An attempt to visit every suburb in Sydney.

Here's another example of a suburb whose region I can't properly articulate. The best I can do is lump it into the generic " No...

Modern Suburbia: Meadowbank

Here's another example of a suburb whose region I can't properly articulate. The best I can do is lump it into the generic "Northern Suburbs" pile. Regardless, I found it to be a pleasant spot. 

Meadowbank

Meadowbank sits just north of Rhodes, across the banks of Parramatta River. While you can take the train directly into the suburb, today I walked over the bridge from Rhodes. 

This tastefully rusted pile of metal (Google tells me its called John Whitton Bridge) takes trains and pedestrians across the river (cars have to take the Ryde Bridge a few hundred metres downstream). The best views from here can be seen by sitting on the second storey, left hand side of a northbound Northern Line train, but the views on foot go okay as well.

It's also worth mentioning that the bridge is a metalhead. 🤘

Eventually, you get to the other side,

where you reach a familiar sight if you've been around Sydney's suburbs -

a large block of new-looking apartments.

As is common for these types of dwellings, you've got a shopping centre at the base serving the residents. 

If you can figure out the signs, that is.

Rolling a dice on which sign to follow, I did manage to find the entrance.

Of interest here is this modern art piece,

a very nice Asian grocery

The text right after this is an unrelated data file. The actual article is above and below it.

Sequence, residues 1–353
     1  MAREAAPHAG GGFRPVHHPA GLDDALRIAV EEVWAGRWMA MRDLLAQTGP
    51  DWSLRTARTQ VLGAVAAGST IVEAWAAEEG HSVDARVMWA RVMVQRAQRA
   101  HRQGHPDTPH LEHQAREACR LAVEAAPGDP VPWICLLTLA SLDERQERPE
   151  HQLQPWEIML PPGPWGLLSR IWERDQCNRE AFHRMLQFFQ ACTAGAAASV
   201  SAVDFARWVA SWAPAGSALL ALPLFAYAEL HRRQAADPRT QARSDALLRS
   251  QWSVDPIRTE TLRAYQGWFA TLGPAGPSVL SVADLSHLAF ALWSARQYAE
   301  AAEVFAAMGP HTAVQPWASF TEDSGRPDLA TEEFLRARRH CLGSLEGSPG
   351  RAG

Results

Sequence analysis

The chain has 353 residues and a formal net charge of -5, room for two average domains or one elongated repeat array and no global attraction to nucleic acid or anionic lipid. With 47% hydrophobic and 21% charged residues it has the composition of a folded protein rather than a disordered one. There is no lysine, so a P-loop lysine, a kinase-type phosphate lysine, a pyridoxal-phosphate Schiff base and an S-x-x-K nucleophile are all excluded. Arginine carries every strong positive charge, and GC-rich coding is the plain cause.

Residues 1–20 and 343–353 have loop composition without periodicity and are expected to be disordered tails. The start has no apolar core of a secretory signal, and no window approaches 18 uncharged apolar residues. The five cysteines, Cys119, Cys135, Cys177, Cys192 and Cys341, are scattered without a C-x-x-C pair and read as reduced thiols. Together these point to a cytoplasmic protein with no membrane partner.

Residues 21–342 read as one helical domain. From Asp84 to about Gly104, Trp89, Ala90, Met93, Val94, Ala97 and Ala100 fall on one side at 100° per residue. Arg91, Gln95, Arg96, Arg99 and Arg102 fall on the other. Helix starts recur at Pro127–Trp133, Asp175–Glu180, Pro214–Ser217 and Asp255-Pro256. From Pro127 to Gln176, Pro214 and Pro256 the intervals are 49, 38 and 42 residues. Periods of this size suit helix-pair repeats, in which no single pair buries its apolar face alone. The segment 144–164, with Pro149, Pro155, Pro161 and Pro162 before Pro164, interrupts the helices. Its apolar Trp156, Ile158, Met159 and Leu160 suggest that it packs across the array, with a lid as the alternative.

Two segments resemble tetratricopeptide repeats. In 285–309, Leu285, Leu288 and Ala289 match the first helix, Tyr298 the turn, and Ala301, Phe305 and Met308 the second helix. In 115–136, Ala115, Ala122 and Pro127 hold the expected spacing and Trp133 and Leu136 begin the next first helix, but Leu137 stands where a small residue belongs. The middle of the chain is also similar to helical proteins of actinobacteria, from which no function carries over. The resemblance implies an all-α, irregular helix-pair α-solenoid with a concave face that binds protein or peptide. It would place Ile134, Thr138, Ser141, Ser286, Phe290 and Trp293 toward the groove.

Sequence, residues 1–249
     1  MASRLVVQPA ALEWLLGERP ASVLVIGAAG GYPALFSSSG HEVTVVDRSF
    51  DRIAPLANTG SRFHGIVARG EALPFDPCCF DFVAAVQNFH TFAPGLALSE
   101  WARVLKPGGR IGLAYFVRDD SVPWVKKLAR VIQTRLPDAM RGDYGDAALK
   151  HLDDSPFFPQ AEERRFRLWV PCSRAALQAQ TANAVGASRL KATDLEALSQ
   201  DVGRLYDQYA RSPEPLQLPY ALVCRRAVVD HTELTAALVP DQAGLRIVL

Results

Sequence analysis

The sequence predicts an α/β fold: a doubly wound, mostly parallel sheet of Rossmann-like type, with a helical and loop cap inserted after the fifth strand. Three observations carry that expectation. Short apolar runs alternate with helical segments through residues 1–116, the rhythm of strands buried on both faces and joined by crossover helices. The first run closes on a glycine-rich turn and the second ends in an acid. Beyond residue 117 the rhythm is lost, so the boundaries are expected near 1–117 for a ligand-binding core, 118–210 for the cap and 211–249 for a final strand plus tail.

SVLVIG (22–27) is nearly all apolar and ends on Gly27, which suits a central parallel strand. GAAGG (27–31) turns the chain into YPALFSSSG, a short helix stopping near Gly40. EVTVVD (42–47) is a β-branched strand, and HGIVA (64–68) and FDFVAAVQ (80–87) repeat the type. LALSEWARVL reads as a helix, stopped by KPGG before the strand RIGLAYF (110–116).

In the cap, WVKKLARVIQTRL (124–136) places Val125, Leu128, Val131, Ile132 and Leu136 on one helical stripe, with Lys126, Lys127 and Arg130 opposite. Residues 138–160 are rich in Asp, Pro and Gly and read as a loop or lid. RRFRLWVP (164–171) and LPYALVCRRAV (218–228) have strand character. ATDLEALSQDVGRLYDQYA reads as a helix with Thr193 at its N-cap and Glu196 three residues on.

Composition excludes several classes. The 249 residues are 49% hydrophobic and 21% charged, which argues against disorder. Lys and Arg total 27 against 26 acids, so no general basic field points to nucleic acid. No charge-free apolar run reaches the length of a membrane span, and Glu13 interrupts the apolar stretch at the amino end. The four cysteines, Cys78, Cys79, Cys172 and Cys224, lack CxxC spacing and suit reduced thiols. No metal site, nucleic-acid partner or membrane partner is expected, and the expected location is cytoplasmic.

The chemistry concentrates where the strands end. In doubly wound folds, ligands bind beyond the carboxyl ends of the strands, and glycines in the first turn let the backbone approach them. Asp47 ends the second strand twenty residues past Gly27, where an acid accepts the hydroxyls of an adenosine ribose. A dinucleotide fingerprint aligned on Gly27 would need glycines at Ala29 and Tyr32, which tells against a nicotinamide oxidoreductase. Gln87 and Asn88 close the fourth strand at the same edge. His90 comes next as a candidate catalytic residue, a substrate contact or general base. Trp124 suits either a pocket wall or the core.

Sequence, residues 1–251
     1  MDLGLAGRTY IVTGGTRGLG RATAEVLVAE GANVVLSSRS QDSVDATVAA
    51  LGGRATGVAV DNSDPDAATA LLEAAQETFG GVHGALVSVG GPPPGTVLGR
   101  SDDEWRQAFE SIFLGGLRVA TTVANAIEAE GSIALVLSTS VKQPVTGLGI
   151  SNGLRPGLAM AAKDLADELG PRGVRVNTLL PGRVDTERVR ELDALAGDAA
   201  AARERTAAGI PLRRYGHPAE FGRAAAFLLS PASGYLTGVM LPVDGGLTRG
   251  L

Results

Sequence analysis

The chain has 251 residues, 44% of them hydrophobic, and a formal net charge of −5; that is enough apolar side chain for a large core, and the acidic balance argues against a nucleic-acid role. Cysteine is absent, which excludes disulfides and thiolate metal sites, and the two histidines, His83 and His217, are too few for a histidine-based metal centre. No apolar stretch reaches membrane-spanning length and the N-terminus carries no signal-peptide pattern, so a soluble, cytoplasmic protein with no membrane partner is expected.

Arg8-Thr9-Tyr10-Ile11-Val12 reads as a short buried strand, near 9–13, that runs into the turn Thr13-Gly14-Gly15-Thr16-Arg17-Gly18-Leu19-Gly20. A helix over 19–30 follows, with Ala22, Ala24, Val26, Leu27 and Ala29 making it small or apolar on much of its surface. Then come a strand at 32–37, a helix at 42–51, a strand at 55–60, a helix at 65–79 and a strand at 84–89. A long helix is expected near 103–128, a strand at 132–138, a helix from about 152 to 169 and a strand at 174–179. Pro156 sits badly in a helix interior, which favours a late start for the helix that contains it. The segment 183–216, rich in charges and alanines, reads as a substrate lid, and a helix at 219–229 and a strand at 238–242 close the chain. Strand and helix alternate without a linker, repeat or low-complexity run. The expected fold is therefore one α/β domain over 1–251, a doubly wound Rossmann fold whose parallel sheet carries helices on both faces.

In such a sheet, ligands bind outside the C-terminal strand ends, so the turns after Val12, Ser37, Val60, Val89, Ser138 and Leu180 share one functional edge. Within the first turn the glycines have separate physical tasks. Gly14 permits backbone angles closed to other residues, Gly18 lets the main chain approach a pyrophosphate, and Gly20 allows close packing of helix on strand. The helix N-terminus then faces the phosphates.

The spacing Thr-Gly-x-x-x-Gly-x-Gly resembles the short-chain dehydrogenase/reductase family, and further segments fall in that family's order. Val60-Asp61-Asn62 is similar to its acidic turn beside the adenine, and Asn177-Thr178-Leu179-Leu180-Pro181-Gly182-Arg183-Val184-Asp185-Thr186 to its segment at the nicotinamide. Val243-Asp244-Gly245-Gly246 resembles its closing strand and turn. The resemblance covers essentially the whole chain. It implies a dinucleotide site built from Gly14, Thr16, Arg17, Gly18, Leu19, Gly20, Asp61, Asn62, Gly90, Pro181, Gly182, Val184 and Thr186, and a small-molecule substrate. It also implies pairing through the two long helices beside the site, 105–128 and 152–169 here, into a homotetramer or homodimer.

(where I stocked up on some exotic refreshments),

and the same bakery that can be found in every local shopping centre in the country. Bonus dog.

Departing the shops and apartments, I headed back onto the street.

This reveals that the rest of Meadowbank isn't as new and shiny as the flats we just visited. 

Following the tree-lined streets leads you to the somewhat tired commercial centre around the station.

Here, you can enrol in a TAFE course. 

Take a train home,

or head to the newsagents,

where if you spend hundreds of dollars on lotto, you can get a tasty additional 2-4% of "value". 

Hehe. Du du mart.

Next, I took this bridge across the rail line to check out the other side.

On the other side, another familiar Sydney sight; more apartments, these ones the brick mid-twentieth century variety.

If you're just reading along, Meadowbank may not seem like a great place. But I don't think that is true. 

You see, while this may not be the flashiest suburb, the place enjoys wide footpaths you can walk, scoot or ride on,

and, just a short walk from here, a generous amount of parkland.

With ducks.

Also running through the suburb is the foot- and cycle path which follows the river (the same path I enjoyed over in Rydalmere), which you can follow west to Parramatta, or east to Putney and beyond. 

The river itself is also quite a lovely place, especially when set against an Aussie blue sky.

It additionally provides another way of getting in and out of the place, with Meadowbank having its own ferry wharf too. 

This is how I chose to head off today.

As Sydney grows, the traditional concept of Aussie suburbia where everyone gets a brick house on a quarter acre block is slowly fading into the history books. If you ask me, Meadowbank, a well connected suburb with plenty of public space and pretty surrounds, is a fair replacement to having your own backyard.

Meadowbank: The alternative option.

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